A handful of Republican lawmakers in Wyoming aren’t convinced that the destruction of a key job-producing industry in their state is inevitable. Either way, they’ll be sure to go down fighting on the side of Wyoming’s oil and gas workers.
Republican Sens. Jim Anderson, Brian Boner, Ed Cooper, and Dan Dockstader and Reps. Donald Burkhart and Bill Henderson have sponsored a joint resolution to this effect.
The bill’s sponsors said he was inspired to protest California’s ban on gas-powered vehicles, and that the proposal is not binding, but simply discourages electric vehicle purchases.
Cowboy State Daily reports that a resolution is currently being debated in the Wyoming Legislature designed to phase out the sale of new electric vehicles (EVs) in the state by 2035.
Sen. Anderson claims that the proposal’s goal is to oppose state restrictions on the sale of new cars with internal combustion engines, such as those in California and New York. He claimed that the legislature would declare, “if you don’t like our gasoline-powered cars, then we don’t like your electric cars.”
The resolution emphasizes the value of oil and gas production to Wyoming, calling it one of the state’s “proud and valued industries” that has contributed significantly to the state’s economy over the years by creating “countless jobs” and income. In fact, it provides over 68,000 jobs and about 100 companies operate the state’s 30,000 miles of pipelines.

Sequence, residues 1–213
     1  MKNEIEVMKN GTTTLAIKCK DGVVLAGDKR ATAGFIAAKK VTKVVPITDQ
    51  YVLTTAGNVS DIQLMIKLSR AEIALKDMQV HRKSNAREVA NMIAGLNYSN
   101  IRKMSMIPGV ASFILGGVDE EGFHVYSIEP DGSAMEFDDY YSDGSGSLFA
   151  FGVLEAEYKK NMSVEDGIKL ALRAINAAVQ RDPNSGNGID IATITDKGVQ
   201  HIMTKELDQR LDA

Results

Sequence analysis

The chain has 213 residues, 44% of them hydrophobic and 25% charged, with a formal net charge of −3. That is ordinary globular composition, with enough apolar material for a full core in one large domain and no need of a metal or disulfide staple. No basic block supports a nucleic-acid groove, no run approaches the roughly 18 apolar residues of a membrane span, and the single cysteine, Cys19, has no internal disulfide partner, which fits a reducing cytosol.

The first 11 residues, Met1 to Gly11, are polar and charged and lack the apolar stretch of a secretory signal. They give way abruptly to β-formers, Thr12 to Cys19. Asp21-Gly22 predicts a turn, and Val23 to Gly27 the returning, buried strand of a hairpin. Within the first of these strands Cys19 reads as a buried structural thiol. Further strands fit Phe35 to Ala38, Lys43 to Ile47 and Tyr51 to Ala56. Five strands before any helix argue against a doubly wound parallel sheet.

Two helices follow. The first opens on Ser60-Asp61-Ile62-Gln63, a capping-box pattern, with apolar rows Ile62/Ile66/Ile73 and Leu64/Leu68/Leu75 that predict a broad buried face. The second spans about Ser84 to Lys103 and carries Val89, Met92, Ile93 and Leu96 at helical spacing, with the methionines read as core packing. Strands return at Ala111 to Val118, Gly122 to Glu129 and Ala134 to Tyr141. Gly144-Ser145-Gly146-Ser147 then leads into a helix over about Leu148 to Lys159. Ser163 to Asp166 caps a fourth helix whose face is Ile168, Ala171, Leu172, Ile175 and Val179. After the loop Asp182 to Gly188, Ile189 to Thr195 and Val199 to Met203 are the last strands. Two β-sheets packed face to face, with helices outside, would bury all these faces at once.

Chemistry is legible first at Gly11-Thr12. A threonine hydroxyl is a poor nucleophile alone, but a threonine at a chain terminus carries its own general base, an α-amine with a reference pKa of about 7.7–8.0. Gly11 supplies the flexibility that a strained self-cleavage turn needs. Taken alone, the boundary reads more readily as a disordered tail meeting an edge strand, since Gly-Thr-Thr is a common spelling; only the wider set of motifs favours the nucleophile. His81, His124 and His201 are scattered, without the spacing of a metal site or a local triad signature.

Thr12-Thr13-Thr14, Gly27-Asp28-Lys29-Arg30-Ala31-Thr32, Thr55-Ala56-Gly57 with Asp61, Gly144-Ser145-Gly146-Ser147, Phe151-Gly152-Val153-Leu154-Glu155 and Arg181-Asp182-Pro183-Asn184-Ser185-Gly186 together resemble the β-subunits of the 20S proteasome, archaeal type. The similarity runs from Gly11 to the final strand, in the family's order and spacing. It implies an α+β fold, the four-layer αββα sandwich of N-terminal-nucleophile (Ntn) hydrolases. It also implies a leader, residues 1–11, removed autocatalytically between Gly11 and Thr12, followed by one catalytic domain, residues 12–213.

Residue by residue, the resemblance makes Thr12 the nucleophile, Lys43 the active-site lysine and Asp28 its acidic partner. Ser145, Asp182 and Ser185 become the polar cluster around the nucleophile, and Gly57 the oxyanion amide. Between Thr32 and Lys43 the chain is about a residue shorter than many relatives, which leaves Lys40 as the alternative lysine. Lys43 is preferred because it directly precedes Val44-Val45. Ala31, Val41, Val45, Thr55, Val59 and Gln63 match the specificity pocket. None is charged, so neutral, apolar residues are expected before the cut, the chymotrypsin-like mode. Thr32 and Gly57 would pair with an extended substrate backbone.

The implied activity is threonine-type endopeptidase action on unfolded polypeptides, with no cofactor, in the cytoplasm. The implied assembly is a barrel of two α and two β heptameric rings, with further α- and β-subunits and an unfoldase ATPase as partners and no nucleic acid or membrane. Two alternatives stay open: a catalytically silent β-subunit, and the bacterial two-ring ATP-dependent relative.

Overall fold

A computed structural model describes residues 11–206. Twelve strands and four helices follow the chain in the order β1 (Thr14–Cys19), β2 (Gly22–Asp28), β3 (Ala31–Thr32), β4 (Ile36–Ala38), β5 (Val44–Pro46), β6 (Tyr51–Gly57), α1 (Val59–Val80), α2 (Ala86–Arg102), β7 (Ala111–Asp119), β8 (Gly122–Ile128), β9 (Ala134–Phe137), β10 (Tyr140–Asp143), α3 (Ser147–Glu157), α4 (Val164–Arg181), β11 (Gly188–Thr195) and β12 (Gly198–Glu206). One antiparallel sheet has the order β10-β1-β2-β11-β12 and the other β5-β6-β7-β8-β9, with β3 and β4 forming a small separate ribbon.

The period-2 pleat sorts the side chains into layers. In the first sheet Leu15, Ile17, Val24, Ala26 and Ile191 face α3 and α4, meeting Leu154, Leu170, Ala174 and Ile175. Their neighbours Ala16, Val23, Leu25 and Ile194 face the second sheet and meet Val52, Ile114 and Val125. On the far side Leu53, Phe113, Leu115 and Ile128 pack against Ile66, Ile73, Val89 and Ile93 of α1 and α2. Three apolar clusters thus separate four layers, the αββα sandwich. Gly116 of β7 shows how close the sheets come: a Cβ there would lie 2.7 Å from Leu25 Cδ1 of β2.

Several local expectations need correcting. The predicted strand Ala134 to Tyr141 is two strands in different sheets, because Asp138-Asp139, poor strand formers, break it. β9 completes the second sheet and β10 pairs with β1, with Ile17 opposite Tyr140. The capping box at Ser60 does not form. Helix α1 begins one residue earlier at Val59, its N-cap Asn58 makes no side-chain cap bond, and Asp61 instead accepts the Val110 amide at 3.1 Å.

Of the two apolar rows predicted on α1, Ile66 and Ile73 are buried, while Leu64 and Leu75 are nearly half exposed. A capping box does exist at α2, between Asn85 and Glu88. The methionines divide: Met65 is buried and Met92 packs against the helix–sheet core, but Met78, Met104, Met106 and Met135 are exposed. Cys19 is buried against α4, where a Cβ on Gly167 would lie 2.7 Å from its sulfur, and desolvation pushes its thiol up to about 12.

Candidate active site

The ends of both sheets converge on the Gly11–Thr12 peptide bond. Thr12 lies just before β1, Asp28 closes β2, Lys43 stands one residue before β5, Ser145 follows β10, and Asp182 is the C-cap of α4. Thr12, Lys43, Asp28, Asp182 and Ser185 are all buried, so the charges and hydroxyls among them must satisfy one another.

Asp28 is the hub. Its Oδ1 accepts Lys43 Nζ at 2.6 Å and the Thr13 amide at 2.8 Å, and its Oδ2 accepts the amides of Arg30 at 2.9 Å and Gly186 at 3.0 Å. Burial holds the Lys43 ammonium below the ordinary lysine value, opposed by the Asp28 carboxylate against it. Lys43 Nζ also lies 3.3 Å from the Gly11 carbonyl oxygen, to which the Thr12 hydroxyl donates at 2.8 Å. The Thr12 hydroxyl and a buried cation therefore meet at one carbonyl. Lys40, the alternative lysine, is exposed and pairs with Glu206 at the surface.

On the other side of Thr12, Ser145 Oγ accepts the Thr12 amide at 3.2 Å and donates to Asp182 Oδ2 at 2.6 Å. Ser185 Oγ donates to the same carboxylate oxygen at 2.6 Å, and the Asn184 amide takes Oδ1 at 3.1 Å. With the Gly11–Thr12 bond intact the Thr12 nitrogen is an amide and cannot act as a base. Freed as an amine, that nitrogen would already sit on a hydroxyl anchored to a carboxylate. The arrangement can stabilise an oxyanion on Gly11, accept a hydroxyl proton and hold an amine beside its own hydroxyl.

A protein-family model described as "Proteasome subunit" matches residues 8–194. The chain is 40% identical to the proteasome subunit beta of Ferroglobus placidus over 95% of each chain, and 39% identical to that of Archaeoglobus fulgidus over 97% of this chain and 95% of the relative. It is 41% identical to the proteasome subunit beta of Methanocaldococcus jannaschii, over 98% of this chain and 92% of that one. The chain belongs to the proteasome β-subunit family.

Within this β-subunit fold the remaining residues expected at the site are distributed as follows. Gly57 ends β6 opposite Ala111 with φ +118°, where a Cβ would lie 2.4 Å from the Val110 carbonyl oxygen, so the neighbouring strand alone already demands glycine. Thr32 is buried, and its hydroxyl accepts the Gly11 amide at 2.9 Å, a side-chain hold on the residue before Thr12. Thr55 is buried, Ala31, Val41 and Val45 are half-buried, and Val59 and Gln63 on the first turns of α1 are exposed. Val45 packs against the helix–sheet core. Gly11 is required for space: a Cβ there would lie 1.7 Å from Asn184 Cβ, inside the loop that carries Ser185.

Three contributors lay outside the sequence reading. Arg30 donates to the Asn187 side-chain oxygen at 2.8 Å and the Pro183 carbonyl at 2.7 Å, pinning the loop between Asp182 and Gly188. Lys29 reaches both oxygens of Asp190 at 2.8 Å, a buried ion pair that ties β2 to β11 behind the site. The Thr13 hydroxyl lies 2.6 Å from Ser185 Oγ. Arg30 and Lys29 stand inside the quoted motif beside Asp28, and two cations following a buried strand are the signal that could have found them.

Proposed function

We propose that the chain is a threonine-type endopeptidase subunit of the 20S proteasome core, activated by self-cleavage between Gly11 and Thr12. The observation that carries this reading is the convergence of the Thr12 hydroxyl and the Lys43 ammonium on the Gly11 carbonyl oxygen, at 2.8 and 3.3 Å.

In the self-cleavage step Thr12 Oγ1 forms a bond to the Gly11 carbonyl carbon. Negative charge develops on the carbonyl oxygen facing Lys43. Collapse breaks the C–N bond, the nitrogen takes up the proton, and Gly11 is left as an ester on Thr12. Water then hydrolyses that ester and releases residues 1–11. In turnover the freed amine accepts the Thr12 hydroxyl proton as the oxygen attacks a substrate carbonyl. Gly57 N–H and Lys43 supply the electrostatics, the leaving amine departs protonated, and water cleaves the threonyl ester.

It also acknowledges that gas-powered vehicles help the state’s businesses and industries move products and materials across the country.
“The proliferation of electric vehicles at the expense of gas-powered vehicles will have deleterious impacts on Wyoming’s communities and will be detrimental to Wyoming’s economy and the ability for the country to efficiently engage in commerce,” the bill says.
In the bill, the GOP lawmakers wrote, “The critical minerals used in electric batteries are not easily recyclable or disposable, meaning that landfills in Wyoming and elsewhere will be required to develop practices to dispose of these minerals in a safe and responsible manner.”
A 2021 study by the International Energy Agency found that electric vehicles require six times more minerals than gas-powered cars. These critical minerals include copper, lithium, nickel, cobalt, graphite, and zinc.
The resolution also says that the creation of new power charging stations would require a major amount of new power to “sustain the misadventure of electric vehicles.”